The President’s Press Precedent

I think we all know the feeling of starting over. “This time around, I’m going to be better, faster and stronger.” For those of us that do understand, we definitely saw the new attitude from President Obama today. He held his first “formal” press conference since the election (actually in more than 8 months) at the White House, and it’s more than sufficient to say that he covered a lot of bases.

The President gave opening remarks regarding his plans for our nation’s impending tax fight, solidifying his position that tax rates for the middle class shall be preserved. Finally, he clarified his language, pointing out that EVERYONE gets a tax cut on their first $250,000 of income. All Americans, both rich and poor, will continue to receive a tax cut. But for the wealthiest Americans, they will be taxed at the true rate on any income in excess of $250,000. This is an important distinction that Mr. Obama hasn’t been so clear on before. He said “We should not hold the middle class hostage while we debates tax cuts for the wealthy.”

When asked about the David Patraeus affair and resignation, he stated that there was “no evidence” of a negative impact to national security. He said that the FBI investigation is on-going, and that he would not comment further until those results have been reached.

On immigration reform, the President put to rest any rumors… this will be a top priority for the first year of Obama’s second term. He wants US immigration reform to be done soon after his inauguration, saying specifically that “we need to cease the moment.” Even with all of the assumed agreement on this issue, some suspect that immigration reform is going to be very tough. The GOP understand that it needs to get done, but many in the party will be very reluctant to give Obama the credit for it. If this issue is solved during Obama’s Presidency, he goes down in history again for a signature American achievement.

Perhaps the high point of the news conference was a spirited defense of UN Ambassador Susan Rice. He called out GOP leaders that have tried to move Ms. Rice to the center of the Benghazi attack, saying “If Senator McCain, Senator Graham and others want to go after somebody, they should go after me.” It’s a strong message to the opposition to let them know that he will not allow the Cabinet to be pushed around during his second term. I guess technically he didn’t say that Ms. Rice would be be the next Secretary of State, but given how complimentary President Obama was of her record, it’s looking like a pretty obvious path for her.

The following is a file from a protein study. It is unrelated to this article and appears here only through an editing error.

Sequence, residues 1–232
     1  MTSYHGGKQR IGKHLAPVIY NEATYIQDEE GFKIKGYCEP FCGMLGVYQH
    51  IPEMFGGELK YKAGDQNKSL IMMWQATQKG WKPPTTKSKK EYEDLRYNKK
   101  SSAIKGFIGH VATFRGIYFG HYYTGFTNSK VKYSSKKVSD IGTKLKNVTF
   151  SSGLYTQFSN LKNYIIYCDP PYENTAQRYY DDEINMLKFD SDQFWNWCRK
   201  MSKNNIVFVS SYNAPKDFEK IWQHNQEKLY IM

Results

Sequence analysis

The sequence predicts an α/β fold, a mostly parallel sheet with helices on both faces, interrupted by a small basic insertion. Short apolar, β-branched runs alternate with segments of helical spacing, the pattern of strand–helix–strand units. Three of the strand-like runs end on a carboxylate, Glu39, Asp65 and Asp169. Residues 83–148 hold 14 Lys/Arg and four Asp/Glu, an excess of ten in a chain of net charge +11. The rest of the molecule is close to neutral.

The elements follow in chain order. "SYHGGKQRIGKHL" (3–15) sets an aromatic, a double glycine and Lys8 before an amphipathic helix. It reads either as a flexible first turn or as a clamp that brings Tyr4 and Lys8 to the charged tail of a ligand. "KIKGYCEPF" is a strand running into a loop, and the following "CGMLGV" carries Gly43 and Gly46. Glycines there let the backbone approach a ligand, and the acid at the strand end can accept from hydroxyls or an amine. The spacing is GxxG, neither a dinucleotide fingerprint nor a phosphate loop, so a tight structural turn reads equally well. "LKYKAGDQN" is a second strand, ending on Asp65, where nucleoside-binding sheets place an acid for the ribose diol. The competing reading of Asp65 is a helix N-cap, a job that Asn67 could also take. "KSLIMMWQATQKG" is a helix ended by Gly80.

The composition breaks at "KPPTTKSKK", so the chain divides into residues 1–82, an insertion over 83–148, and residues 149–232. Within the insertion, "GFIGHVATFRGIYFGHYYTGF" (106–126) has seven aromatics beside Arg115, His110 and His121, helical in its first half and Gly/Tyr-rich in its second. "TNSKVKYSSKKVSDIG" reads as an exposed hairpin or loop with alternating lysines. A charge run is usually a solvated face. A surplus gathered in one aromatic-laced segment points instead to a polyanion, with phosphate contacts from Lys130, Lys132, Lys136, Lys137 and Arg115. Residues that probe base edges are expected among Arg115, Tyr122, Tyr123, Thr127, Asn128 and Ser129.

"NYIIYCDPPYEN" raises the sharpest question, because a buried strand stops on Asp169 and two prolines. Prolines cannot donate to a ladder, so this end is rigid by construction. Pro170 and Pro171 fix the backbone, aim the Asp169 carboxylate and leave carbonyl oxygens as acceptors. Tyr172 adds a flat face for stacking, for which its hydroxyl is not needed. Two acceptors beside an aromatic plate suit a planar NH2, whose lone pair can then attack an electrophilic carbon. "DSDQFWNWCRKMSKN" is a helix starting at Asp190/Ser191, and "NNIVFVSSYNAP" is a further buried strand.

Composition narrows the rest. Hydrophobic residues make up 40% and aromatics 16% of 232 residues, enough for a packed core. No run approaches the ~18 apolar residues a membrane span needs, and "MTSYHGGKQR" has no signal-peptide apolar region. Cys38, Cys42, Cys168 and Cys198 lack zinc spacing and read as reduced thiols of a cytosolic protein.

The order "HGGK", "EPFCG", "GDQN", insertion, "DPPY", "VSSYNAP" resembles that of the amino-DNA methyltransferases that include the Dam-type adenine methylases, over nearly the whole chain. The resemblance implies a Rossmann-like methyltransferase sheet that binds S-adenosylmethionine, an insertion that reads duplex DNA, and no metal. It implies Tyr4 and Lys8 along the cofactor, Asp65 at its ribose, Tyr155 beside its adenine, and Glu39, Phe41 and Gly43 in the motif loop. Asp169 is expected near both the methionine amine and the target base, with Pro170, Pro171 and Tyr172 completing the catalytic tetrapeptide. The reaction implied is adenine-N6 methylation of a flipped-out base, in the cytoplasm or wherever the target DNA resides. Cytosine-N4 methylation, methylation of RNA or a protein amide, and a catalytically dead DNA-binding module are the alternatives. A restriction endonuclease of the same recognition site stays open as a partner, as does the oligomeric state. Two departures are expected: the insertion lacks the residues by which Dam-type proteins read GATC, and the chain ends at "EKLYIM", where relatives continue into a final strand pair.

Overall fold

Clinton/Rice 2016? Too early??

After a major election, everyone always throws around the term “mandate” as though this gives politicians total license to pursue whatever agenda they want. This was certainly the view of President George W. Bush when he was re-elected in 2004. Thankfully, President Obama has a very different view. He rarely speaks about having a clear and present mandate. Not to pursue a specific political agenda, but to work really hard on behalf of the American people. Good to know.

Finally, just as the conference was ending, Mr. Obama gave one more signal that everyone has turned over a new leaf. When a reporter shouted out a post-conference question to him. His response? “That’s a great question, but it would be a horrible precedent for me to answer just b/c you yelled it out.”

Yep… New Term. New Rules.

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